Whatever the light you choose, if you’re looking for a light to augment your existing webcam, make sure that it extends high enough for your setup. I use a standing desk with a large 4K monitor, so I need a light that’s about 27”high from my desk. While the Pixel G1S light shown in Figure 5 can extend this high several other similar products max out at about 11 inches, which is way too short.
In all cases, you’ll want a light that has infinite brightness adjustments as opposed to three or four steps. If you’ll be broadcasting from multiple locations and lighting conditions, you’ll probably want a dual-color LED unit so you can dial in the necessary color temperature. If you’ll be broadcasting from a single location, be sure to get a unit that matches the color location there.
Most units will come with some kind of frosted diffuser that you can slide in to soften the light from the individual bulbs, which is necessary since it will be within 2-3 feet of your face. Finally, consider how the unit is powered, with USB power a nice convenience and battery-powered operation essential.
Once you transition from webcam to camcorder or DSLR there are dozens of different lighting techniques that require anywhere from 1 – 3 lights or more, depending upon how many subjects that you’re lighting and whether you’re lighting the background as well as the subjects. Beyond the items that we’ve already discussed, like the number of bulbs, color temperature, and CRI, here are some additional factors to consider.
Using the Neewer kit shown in Figure 6 as a reference, note the barn doors on the light fixtures which can be useful when you need to focus the light. Note also that these units can be battery-powered as well as AC-powered, which can be convenient for some shoots. Another consideration is noise; if the lights have a fan, it may be too noisy for video shots, a factor Amazon or other reviews will typically disclose. Also check reviews for the sturdiness of the light stands; if too flimsy, you may want to consider buying some sandbags or other weights to steady the stand.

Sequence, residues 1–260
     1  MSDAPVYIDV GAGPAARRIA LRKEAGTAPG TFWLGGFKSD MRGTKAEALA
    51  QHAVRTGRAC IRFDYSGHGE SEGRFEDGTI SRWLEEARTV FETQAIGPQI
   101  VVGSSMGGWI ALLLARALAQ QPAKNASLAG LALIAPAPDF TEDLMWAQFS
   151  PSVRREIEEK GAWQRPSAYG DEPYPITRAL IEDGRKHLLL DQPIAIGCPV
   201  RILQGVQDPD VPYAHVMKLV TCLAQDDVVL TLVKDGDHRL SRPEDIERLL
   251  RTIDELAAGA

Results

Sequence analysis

If you’re lighting yourself, the ability to adjust the lights remotely can save a bunch of time and irritation. Some units, like the Neewer lights in Figure 6, come with a standalone remote, others do this via apps. Also shown is the carrying case, a convenience for storage, and if you’ll be carrying the lights to remote locations.
For your convenience, here are some questions to ask before buying any LED light kit. Once you answer all these questions, you should be in a great position to buy the perfect light kit for your video shoots.
- What is the color temperature of existing lights (if applicable)
- What is the color temperature of the bulbs?
- What is the CRI value? Shoot for 90 or higher.
- How many bulbs? 40 – 70 should work well for a webcam light, 150 – 200 for an on-camera light, but you’ll need 450+ for a decent standalone light particularly if it has an adjustable color temperature.
- Does the fixture come with a diffuser? This is necessary to soften the light and to prevent multiple shadows from different bulbs.
- Do you have infinite control over intensity or just a few stops?
- Can you control the lights via remote control or app on your mobile phone?
- Do the lights have barn doors or similar implements for focusing the light?
- Can the lights be operated by battery and AC?
- Are the lights noisy?